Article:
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Beaujolais Nouveau cannot be opened before the third Thursday of November and the time zones meant New Zealanders got the privilege ahead of everyone else.
Jean-Christophe Poizat, co-proprietor of Auckland-based importer and distributor Maison Vauron, uncorked a bottle just after the stroke of midnight and gave it his mark of approval.
"It's typical Beaujolais Nouveau so it's got a wonderful crushed raspberries and strawberries on the nose," he said.
"Then when you put the wine in the mouth, you get a big explosion. It's very round, very juicy, and has wonderful freshness."
Mr Poizat, who comes from a family of wine merchants in the Beaujolais region, near Lyon in south-east France, said his company had distributed cases of the 2009 vintage as far south as Dunedin.
While there had always been people in this country aware of Beaujolais Nouveau Day, New Zealanders began embracing it in significant numbers from about the mid-1990s.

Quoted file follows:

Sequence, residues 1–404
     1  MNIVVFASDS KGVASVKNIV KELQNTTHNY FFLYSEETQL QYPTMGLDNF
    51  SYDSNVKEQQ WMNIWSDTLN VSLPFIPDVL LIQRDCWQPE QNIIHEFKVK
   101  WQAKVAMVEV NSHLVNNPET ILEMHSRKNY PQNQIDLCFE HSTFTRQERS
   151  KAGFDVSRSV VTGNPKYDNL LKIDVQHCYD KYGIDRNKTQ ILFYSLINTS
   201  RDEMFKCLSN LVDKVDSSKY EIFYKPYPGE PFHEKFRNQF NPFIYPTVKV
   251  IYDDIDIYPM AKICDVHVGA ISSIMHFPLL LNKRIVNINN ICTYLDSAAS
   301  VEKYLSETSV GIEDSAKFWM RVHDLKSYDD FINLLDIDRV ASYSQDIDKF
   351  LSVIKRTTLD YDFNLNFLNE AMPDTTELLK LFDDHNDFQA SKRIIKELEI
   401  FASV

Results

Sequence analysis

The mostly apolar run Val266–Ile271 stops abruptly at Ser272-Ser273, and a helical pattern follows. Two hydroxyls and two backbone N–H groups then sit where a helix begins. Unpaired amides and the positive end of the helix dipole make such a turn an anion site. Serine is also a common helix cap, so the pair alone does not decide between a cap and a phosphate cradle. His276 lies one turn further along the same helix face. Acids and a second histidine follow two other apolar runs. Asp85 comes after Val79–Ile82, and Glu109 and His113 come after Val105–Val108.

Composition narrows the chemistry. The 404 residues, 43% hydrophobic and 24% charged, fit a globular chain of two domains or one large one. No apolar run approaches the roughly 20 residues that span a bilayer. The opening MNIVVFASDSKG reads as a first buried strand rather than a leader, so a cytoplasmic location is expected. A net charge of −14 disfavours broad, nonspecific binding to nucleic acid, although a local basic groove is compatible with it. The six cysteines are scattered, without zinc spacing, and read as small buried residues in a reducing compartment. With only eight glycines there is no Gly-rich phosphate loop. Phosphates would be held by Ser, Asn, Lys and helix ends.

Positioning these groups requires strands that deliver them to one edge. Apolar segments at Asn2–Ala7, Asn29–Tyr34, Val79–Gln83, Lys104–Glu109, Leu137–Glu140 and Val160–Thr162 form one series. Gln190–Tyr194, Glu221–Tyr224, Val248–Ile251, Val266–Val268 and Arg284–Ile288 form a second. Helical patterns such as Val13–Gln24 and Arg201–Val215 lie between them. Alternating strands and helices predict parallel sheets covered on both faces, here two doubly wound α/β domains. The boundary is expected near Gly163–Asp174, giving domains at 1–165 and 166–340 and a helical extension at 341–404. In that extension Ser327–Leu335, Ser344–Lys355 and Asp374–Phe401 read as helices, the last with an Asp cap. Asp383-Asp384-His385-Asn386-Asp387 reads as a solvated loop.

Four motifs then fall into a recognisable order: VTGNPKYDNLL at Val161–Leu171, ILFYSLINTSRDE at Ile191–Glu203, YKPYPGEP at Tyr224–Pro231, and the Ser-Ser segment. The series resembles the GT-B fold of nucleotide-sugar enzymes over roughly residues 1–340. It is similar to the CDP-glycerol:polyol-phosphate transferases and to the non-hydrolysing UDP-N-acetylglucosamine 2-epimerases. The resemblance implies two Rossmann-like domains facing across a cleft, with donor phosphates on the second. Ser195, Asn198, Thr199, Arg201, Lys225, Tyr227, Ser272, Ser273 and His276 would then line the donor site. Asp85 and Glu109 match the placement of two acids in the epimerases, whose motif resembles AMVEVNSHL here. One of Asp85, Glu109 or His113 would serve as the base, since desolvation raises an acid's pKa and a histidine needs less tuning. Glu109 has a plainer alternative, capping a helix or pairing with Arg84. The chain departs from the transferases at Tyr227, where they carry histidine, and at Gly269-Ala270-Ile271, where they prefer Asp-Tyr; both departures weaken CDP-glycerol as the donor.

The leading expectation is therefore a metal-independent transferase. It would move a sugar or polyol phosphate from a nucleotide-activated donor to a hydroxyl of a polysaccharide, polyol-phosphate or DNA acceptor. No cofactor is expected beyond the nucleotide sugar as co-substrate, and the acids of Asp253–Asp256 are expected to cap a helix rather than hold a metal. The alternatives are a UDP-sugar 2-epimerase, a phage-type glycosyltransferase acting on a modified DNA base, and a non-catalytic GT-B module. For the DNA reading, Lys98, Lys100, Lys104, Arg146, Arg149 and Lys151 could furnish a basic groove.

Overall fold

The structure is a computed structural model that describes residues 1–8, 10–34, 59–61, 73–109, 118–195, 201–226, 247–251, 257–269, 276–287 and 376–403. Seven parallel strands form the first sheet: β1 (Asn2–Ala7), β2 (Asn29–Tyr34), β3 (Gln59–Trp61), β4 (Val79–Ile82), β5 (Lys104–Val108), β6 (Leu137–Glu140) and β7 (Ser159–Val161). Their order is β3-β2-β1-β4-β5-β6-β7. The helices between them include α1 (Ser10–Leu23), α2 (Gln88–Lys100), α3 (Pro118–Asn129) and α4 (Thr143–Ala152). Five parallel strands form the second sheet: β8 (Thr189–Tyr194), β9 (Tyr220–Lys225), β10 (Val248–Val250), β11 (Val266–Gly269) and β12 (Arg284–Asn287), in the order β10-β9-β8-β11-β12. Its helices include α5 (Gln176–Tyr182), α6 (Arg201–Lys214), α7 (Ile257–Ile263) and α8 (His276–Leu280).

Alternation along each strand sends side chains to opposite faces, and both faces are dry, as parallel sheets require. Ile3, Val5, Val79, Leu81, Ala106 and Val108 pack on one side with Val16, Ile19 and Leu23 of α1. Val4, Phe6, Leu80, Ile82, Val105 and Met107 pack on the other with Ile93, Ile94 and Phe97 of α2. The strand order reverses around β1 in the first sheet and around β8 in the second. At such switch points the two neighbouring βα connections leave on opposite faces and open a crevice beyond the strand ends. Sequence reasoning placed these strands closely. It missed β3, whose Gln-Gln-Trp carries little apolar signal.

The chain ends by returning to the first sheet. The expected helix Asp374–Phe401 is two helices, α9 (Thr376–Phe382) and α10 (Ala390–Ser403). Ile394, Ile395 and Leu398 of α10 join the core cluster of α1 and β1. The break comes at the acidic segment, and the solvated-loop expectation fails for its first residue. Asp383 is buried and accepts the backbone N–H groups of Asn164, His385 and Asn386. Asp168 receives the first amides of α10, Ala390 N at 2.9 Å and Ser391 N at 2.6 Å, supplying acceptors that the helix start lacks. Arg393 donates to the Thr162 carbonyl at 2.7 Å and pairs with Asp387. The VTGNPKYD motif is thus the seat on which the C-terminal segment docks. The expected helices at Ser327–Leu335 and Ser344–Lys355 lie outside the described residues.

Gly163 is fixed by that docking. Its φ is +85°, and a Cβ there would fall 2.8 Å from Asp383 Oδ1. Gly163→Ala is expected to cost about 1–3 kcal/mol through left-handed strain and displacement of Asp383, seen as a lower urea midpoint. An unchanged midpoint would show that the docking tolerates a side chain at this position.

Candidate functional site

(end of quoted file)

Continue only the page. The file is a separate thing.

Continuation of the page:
In Beaujolais itself, the day was the start of celebrations that would last through to the weekend, Mr Poizat said.
"They say there are three rivers in Lyon -- the Rhone, the Saone and Beaujolais." Unlike the great wines, Beaujolais Nouveau is not intended to be stored in the cellar for maturing, but is meant to be drunk young.
The wine's profile began to rise with a race started in the early 1970s when a British newspaper challenged its readers to be the first to bring a bottle of Beaujolais Nouveau back to Britain.
The race took off and similar events were held elsewhere.
Because of distance, importers in New Zealand are able to have access to the wine early, but have to sign an undertaking that it won't be opened ahead of schedule.